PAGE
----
As to 128th St., it is good to see a station that’s not right up against I-5 (a silver lining of the Paine Field Deviation). I also like the idea of an elevated station with pedestrian access on both sides of the arterial – something that Ballard doesn’t look like it’s going to be getting with its station. The SWIFT green line also suddenly starts to make a lot more sense, once it has finally has a connection to regional transit, which this station will give it.
I find it interesting how the completion of the I-5/Ash Way bus ramps are tied to the completion of ST3 rail.
Yes, and the really bad part is that they probably won’t be used much (if at all) once the train gets up there. Right now they could be used, as ST has bus routes that exit the freeway there. But when the rail projects are complete, it would be silly to skip over 128th, since that is the first connection to Link. There are lots of possibilities, but one option would be to have the 201/202 serve the South Everett park and ride and simply terminate at Ash Way. That way you serve the neighborhood between the two stations, while connecting to Link (and other bus service). I wouldn’t rule out express buses going both places, but then you water down the system (reducing frequency).
I can think of two things that would be a lot more valuable (although admittedly more expensive). The first is HOV ramps connecting 128th to the north. Another is ramps connecting the I-5 HOV lanes and I-405 lanes.
The King County representatives on the board will do what they want re: selecting station locations for the northern stretch of LINK. They have the votes.
What they want is whatever the Snohomish boardmembers, county, and cities want. They don’t have much opinion about that, and they want reciprocal deference for their own subareas. There are broad boundaries of what they’d accept, but details like this are minuscule.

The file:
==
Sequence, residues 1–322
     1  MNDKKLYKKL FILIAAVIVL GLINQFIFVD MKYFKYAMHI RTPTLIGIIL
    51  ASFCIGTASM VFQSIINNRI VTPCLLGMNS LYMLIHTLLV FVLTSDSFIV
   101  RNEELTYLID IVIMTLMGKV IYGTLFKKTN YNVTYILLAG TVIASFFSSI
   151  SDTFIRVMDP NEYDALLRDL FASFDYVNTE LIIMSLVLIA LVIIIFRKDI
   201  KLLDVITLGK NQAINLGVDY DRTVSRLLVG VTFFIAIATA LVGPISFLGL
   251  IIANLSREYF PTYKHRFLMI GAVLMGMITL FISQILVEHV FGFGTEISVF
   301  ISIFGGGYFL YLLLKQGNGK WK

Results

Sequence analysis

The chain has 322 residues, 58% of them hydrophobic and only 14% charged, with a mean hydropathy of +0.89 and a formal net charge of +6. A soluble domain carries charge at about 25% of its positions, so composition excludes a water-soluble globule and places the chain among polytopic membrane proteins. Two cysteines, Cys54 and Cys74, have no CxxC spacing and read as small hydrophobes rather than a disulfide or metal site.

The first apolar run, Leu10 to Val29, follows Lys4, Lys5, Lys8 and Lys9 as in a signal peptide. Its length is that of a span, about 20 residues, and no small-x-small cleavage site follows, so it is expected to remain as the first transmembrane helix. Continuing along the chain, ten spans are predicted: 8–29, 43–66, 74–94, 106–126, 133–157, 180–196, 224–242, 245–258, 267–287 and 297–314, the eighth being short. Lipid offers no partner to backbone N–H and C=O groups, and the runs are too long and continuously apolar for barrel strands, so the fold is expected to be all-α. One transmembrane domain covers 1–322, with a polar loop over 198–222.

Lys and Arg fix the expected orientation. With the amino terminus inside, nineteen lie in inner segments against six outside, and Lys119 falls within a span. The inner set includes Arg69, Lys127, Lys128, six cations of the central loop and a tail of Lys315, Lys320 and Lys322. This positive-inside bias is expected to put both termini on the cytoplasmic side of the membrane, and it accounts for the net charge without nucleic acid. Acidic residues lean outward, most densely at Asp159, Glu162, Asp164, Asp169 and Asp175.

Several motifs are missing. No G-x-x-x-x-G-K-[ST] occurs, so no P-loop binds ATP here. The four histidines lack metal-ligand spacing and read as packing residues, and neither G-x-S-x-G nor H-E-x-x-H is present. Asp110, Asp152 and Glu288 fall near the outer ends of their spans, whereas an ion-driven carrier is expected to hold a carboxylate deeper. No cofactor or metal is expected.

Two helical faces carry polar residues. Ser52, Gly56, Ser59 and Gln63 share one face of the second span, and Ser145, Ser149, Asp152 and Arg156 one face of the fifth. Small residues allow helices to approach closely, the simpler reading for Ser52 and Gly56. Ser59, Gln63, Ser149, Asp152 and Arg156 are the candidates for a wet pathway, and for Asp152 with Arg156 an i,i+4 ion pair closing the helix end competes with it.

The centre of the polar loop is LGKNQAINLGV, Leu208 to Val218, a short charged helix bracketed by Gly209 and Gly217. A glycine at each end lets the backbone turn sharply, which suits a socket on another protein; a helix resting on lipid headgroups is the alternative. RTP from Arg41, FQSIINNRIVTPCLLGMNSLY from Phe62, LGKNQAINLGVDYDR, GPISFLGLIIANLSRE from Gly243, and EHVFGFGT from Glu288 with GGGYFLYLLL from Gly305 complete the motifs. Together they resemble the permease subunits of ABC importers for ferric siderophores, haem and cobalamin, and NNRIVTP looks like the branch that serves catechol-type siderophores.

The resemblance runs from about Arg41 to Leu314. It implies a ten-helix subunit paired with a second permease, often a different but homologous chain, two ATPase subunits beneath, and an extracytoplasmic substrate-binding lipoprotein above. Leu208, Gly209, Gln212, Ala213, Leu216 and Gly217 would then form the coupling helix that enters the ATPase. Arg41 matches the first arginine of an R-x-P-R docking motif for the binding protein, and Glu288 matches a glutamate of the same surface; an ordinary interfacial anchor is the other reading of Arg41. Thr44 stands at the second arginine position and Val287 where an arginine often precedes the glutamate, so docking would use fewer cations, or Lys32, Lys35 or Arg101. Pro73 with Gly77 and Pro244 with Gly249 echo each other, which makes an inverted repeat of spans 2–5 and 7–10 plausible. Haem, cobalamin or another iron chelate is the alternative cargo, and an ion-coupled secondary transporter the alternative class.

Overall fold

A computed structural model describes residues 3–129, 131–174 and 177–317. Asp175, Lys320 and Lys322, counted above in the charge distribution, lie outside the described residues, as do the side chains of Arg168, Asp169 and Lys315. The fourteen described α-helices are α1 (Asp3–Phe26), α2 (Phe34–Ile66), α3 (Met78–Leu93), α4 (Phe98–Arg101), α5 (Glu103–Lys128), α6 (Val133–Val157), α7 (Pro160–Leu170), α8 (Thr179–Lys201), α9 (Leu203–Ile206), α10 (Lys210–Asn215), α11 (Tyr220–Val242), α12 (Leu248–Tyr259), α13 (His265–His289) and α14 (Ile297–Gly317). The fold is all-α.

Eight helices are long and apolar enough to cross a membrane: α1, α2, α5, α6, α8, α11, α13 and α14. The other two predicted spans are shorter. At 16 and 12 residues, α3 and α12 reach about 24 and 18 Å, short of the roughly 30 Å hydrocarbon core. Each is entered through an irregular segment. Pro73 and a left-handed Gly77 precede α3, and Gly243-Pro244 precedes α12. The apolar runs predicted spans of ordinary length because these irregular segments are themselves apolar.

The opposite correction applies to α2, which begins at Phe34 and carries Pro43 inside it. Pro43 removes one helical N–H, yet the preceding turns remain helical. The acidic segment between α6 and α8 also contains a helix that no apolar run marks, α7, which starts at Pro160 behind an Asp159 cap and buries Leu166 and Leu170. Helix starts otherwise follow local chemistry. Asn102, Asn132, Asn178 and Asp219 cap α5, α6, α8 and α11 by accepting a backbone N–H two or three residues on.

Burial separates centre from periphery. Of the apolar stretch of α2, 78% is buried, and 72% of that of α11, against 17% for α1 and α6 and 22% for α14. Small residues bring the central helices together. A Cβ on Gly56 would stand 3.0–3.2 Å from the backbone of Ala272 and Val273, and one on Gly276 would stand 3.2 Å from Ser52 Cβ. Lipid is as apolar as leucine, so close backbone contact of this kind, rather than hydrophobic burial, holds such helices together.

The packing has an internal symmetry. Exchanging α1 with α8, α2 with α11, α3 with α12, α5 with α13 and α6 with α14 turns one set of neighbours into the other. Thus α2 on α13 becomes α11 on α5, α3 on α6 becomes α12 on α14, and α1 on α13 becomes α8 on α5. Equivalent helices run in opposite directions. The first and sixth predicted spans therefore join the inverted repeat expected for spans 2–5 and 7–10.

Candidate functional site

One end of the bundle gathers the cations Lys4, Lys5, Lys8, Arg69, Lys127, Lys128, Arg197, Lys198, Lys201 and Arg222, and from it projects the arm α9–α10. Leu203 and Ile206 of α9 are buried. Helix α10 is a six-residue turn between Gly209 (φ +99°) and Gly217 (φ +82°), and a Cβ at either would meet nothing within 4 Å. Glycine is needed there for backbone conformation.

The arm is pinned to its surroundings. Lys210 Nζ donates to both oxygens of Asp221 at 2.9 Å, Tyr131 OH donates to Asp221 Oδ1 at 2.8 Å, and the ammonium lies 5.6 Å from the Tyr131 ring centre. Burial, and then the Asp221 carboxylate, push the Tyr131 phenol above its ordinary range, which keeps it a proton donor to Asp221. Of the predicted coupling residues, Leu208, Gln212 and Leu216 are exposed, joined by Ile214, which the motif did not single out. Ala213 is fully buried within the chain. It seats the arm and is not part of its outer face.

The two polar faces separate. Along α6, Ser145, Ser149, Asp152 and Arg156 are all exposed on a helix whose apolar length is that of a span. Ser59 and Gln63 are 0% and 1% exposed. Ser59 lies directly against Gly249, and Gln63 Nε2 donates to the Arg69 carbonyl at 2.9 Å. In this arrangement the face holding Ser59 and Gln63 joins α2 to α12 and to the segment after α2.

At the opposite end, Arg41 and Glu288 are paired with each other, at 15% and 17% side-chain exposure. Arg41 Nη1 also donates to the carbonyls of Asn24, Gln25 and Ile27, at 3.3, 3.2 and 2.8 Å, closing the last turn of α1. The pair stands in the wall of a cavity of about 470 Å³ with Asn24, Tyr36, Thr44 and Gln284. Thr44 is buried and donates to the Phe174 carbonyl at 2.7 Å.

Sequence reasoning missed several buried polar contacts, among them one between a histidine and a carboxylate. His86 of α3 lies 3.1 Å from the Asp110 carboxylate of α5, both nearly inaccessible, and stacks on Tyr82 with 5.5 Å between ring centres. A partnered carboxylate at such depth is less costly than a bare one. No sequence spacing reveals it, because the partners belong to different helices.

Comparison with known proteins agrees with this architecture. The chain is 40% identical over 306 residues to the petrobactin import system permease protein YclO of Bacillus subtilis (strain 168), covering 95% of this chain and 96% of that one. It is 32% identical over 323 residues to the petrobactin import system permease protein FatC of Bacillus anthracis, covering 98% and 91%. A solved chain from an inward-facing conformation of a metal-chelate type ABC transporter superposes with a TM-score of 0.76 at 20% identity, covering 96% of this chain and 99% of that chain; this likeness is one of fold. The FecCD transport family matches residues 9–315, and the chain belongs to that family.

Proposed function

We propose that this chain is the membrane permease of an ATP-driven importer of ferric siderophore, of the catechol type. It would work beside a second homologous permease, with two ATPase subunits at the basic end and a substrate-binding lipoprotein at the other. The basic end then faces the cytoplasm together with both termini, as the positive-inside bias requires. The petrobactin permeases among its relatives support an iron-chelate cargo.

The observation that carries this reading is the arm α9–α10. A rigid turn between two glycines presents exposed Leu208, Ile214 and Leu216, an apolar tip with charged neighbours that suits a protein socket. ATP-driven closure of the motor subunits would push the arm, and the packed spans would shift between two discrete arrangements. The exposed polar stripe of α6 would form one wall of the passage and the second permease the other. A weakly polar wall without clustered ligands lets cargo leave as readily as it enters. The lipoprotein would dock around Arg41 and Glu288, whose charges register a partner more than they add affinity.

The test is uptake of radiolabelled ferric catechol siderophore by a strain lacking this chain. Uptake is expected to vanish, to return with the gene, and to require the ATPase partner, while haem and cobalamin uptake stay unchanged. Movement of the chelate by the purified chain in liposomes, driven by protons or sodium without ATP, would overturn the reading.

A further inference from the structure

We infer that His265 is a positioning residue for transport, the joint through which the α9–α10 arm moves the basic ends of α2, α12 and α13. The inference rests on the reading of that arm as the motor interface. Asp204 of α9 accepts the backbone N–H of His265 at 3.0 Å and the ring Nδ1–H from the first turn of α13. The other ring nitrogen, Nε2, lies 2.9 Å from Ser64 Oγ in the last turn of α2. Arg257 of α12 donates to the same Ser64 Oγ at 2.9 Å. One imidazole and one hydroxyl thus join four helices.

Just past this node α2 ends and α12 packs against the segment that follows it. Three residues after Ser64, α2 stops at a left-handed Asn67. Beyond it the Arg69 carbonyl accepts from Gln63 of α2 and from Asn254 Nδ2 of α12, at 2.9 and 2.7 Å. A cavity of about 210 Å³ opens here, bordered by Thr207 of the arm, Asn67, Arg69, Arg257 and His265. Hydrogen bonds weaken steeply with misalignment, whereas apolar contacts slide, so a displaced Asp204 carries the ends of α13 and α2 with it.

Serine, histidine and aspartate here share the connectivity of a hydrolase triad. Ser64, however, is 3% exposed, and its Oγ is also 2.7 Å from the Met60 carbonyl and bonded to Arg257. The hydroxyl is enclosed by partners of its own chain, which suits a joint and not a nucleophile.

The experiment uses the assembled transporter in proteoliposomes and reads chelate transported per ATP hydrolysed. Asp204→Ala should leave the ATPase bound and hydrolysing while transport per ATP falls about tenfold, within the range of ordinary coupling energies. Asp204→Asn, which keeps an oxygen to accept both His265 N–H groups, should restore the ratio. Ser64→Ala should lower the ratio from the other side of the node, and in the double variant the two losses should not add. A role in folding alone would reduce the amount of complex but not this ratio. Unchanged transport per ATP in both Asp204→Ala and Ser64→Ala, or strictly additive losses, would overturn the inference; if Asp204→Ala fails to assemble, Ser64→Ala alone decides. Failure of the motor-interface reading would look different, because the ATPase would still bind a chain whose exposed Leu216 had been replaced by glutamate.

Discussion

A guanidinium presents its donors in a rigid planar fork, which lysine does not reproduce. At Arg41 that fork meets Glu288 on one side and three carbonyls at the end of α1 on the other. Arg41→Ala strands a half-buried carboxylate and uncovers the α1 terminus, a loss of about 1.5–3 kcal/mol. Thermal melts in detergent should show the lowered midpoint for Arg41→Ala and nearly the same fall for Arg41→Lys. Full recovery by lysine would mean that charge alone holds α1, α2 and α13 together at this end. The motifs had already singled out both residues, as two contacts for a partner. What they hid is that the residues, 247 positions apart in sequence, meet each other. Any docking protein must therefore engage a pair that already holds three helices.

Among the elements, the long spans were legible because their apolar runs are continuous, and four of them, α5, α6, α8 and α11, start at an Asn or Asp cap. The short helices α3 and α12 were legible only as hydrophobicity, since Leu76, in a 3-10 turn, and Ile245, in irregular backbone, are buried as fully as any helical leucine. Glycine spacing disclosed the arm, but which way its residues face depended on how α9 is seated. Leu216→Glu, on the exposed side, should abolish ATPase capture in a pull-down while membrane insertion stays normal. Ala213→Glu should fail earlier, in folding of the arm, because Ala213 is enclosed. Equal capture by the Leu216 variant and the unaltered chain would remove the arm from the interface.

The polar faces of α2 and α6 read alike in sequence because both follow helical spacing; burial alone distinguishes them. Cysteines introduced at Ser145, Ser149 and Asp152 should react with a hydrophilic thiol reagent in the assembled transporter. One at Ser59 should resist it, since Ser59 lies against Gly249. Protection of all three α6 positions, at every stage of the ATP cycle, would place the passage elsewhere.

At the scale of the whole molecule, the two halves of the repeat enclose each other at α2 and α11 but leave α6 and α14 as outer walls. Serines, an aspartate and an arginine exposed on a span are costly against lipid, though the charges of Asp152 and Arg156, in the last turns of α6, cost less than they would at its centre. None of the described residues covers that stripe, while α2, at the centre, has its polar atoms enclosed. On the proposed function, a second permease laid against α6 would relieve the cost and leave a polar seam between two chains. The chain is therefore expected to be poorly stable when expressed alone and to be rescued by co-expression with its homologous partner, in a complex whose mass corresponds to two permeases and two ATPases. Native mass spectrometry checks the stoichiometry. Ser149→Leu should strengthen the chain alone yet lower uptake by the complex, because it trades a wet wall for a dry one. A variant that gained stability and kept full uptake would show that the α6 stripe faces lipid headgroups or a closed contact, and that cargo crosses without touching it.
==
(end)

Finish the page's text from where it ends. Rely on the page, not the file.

It’s great to see station areas and not mere stations (or worse, just little platform rectangles. Every station needs these kinds of visions. This should be the standard also applied to West Seattle-Ballard and Tacoma Dome extension studies going on right now!
Of course, this is Snohomish County and not Sound Transit doing these concepts.
The West Seattle and Ballard extensions are more complicated by several orders of magnitude, both politically and logistically. You can bet there will be ample opportunity for everyone to review, comment, revise, and complain every single minuscule detail about these stations when the time comes.
Uhhhh ….. the time may have already passed.
Providing station area concepts helps to understand where a station should go. Much of the WS-B discussion involved only where station platforms should go. In fact, a station that will be used for pedestrians and transit seem MORE important to diagram early. With stations relying on park-and-ride, the area is less critical to envision.
I’m convinced that thinking through pedestrian circulation at each of the WS-B station areas would have shifted the alternatives that made the cut. Of course, that should have included early visions about the underground pedestrian circulation concepts. The public didn’t get that — and decision makers were left getting direction based on uninformed fears and biases from stakeholders instead.
Of course the time hasn’t already passed. Pretty much no decision of any kind has been made on the Ballard/WS route, in fact, we’ve increased the scope to include tunnels we’ve got no plan to pay for. There are many more years of slow, contentious decision making to be had. Don’t you worry.
Looks exciting. I used to live in Snohomish county, and often wished there was a link station, or even just a 512 stop, at 128th.
Both the 128th options look good, and I agree allowing good bus connections is key here. I think there will be a lot of people coming from further east on 128th trying to commute to Seattle.
I’m surprised they are considering adding an overpass over the freeway at 130th. That’s an interesting idea, but I wonder if, with all the turns the buses will need to take, it will really save time.